Kids Avengers T-Shirts

Sexist Avengers T-Shirts Have Different Messages For Boys And Girls

shutterstock_132585035__1365959336_70.118.110.28 When it comes to marketing children’s products, we’ve long been subjected to the sexist viewpoints of advertisers and brands. I’m just trying to figure out which ones I actually take offense to. I think the Marvel Avenger’s “Hero” T-shirts qualify.

Some new Marvel t-shirt designs have two very different messages for boys and girls. The says, “Be A Hero.” The says “I Need A Hero.” Hmm.

I was never really one to jump on the whole “certain colors of toys are sexist” bandwagon. I like pink. I’ve always liked pink. When I was a child, if I had the choice between choosing between a frilly pink design and a basic primary color one – I most definitely would have chosen pink. I also understand that all children aren’t alike, and we should give girls and boys more options when it comes to the design of their toys. The fact that some colors are considered innately feminine and some are considered innately masculine is pretty stupid. Not to mention outdated.

Sometimes these subtle differences carry huge messages. Remember the story of the little girl who started a petition to get Hasbro to offer Easy Bake Ovens in gender neutral designs? That is something I can get behind. The fact that there exists an assumption that only girls should be interested in cooking – and thus all Easy Bake Ovens should come in “feminine” color schemes is totally sexist and stupid.

I think the Marvel t-shirt falls into this unnecessarily sexist and stupid category. “Be a hero” is an inspirational message that all kids should be getting, isn’t it? The whole “damsel in distress” stereotype of needing a hero is a pretty lame message to be sending young girls.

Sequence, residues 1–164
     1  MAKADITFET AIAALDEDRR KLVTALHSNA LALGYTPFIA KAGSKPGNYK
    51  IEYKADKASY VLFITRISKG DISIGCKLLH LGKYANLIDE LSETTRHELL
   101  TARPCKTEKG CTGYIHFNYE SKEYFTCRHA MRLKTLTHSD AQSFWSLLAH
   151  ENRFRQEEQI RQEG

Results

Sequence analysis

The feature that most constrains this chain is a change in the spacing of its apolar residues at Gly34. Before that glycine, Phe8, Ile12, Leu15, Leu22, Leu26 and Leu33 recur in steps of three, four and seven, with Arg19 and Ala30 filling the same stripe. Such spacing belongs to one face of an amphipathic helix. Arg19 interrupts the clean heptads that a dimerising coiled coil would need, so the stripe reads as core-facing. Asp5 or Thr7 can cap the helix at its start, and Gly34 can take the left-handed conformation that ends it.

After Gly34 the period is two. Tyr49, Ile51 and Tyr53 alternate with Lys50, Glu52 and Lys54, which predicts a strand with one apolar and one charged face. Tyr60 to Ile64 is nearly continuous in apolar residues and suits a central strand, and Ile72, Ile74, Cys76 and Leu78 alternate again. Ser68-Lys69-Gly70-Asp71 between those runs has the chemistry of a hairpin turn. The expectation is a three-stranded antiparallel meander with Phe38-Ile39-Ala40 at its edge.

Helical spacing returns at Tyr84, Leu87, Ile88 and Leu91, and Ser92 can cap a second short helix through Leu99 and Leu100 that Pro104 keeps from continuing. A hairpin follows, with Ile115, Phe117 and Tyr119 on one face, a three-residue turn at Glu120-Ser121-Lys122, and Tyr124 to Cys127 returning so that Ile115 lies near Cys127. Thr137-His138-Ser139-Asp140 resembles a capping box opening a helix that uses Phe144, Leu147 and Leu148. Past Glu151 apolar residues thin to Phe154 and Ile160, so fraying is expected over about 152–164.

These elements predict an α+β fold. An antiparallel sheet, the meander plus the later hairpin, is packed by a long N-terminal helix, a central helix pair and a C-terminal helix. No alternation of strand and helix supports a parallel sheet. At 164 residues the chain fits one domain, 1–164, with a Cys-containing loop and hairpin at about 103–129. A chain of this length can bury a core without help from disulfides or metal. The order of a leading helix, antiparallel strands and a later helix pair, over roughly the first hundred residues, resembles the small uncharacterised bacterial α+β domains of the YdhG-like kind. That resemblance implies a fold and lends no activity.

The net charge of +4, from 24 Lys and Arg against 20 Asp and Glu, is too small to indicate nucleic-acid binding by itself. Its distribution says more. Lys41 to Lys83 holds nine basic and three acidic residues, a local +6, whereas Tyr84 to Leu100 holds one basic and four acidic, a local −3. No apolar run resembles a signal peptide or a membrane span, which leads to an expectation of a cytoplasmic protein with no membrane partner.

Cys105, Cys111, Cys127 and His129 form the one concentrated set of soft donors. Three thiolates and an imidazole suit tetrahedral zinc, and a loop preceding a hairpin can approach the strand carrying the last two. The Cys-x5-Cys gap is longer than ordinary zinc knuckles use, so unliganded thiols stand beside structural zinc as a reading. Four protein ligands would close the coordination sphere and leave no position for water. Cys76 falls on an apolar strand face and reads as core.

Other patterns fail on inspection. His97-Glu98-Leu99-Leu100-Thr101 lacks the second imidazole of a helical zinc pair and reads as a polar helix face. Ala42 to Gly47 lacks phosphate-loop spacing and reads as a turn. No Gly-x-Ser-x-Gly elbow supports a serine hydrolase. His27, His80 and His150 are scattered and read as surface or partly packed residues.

If I had a teenage daughter I would get around the whole thing this way; I’d buy her the boy’s shirt. I don’t see why everything for girls needs to have a V-cut and be form fitting anyway. Until these companies start evolving, we have to do the evolving on our own. Buying our kids products that go against conventional gender stereotypes is a great way to show them that they don’t have to abide by those stereotypes.

I guess what I’m saying is – go ahead and buy your boy a pink Easy Bake Oven and your girl a boy’s t-shirt with a kick-ass message. There’s nothing new about sexist marketing to kids, but we can respond in a new way and stop giving these companies the power to shape the decisions we make for our children.

(photo: / )

You can reach this post's author, Maria Guido, on twitter.


UBI Soft Marvel Avengers: Battle For Earth - Xbox 360
Video Games (UBI Soft)
  • EMBODY ICONIC MARVEL SUPER HEROES AND VILLAINS - Choose among 20 classic Marvel characters, each equipped with four unique superpowers
  • USE MOTION TO FIGHT AS A SUPER HERO - Connect with Kinect - Trigger super attacks with your movements.
  • EXPERIENCE A WIDE VARIETY OF GAME MODES - Co-op, Campaign, Arcade, Challenges, Versus, and Tournament.
  • TONS OF BONUSES TO UNLOCK - Work your way through the battles, you'll unlock unique outfits and collector cards.
  • BATTLE WITH AN ENHANCED FIGHTING SYSTEM - Use Super Attacks, Velocity Boost, Breaker, or Frenzy to beat your opponents.

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Is there a line though?

2010-09-23 08:49:13 by misn0mer

Would you want your 2-5yo (Elmo age ranges) to want to dress like Katy Perry to school?
Do you think a child can have a positive body image AND dress appropriately?
Do you think one must reveal to have a positive body image?
Are Bratz dolls, which have toddlers in G-Strings appropriate?
Personally I'm on the fence about the video. She does mention she is in "dress up" clothes, so parents were given an out for explaining to kids we don't dress like that at school.
I do think kids can have a positive body image and dress appropriately

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